Under Illinois law, parents may be divested of parental rights either through their voluntary consent or involuntarily due to a finding of abuse, abandonment, neglect or unfitness by clear and convincing evidence. (See 750 ILCS 50/8, 11 (West 1992).) The adoption laws of Illinois are neither complex nor difficult of application. These laws intentionally place the burden of proof on the adoptive parents. In addition, Illinois law requires a good-faith effort to notify the natural father of the adoption proceedings. (750 ILCS 50/7 (West 1992).) We call this due process of law. In the case at hand, the Does and their lawyer knew that a real father existed whose name the birth mother knew. They also knew that the father, if contacted, would not consent to the adoption. This may explain their lack of effort to learn the name of the father and to give him notice. Under these circumstances, the Does proceeded with Richard's adoption at their peril.
This court then observed that Otto, as the natural father of Richard, was statutorily entitled to receive notice of the adoption and statutorily required to consent in order for the adoption to be valid, absent a finding of unfitness. Examining the unfitness finding of the trial court, we concluded that the trial court's finding was against the manifest weight of the evidence. As the trial court found, Otto searched the garbage cans of the home where Daniella was living for physical evidence of his baby and called a series of hospitals in an attempt to discover whether his child had really died at birth, during the first 30 days after Richard was born notwithstanding that he had been told his child was dead. Through lies, deceit and subterfuge, Otto was denied any opportunity to establish any involvement with his child during the first 57 days of his life. His activities, however, showed an intense interest and concern for both the truth and for his child. He did what he could. Thus, the trial court's ruling that Otto had failed to show a sufficient interest in his child within the first 30 days after the child's birth was against the manifest weight of the evidence.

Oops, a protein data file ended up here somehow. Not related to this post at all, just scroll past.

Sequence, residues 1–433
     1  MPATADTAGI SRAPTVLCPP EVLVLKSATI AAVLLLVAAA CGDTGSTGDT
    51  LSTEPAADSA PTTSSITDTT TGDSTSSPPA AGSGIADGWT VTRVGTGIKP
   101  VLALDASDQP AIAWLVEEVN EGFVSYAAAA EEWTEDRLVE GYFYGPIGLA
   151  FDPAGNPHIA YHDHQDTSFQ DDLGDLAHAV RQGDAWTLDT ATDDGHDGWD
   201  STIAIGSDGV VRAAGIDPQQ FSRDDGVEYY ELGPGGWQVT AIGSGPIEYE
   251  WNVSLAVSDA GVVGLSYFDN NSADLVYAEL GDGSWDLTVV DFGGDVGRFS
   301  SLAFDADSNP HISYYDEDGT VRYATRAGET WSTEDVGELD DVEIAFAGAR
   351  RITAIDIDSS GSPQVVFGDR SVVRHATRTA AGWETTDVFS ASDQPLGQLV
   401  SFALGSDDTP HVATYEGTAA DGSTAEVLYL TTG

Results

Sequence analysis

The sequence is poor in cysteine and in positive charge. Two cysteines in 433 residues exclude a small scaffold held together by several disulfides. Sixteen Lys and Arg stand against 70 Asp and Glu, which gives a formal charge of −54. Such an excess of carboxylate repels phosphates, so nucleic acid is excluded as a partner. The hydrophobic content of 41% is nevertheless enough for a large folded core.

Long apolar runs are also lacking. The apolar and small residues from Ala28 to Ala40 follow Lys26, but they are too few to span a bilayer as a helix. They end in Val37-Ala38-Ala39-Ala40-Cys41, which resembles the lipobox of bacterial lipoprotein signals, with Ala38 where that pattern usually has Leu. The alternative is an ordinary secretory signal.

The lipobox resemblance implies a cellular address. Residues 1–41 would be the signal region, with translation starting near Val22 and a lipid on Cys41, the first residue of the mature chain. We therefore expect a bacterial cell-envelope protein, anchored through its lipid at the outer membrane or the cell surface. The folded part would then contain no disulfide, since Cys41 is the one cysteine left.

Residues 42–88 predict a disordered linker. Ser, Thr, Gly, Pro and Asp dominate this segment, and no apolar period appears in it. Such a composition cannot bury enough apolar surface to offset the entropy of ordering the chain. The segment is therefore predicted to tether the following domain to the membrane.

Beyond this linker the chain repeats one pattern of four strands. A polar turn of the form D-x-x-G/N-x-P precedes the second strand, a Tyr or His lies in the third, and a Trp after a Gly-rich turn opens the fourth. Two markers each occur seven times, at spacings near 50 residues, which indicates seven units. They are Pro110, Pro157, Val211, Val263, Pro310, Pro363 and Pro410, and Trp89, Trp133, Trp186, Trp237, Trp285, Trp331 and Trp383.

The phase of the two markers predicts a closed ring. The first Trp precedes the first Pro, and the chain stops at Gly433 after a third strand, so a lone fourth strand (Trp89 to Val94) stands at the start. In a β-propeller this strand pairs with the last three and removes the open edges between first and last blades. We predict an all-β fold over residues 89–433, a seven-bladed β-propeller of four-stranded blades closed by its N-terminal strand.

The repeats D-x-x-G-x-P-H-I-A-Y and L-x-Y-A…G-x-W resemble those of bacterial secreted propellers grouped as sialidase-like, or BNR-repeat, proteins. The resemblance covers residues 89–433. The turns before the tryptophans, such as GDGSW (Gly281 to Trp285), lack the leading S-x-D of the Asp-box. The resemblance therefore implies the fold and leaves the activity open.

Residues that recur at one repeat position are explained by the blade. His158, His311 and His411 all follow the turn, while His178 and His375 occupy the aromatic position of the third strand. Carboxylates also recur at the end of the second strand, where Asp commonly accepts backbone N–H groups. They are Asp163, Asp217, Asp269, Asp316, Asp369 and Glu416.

After this court's unanimous vacation of the adoption and our denial of the Does' petition for rehearing, we stayed the mandate at the Does' request pending their application for a writ of certiorari to the United States Supreme Court. The mandate of this court vacating the adoption issued on November 9, 1994, after the United States Supreme Court's denial of certiorari on November 7, 1994.
The Does, however, did not return Richard to Otto upon the issuance of this court's mandate. Subsequent to this court's opinion vacating the adoption, the General Assembly enacted an amendment to the Adoption Act which specified that it was to take effect immediately and apply to all cases pending at the time of the effective date, which was July 3, 1994. This new legislation, enacted at the urging of Governor Edgar, requires that upon the vacation of an adoption proceeding a custody hearing take place in order to determine who should have custody of the child based upon the child's best interests.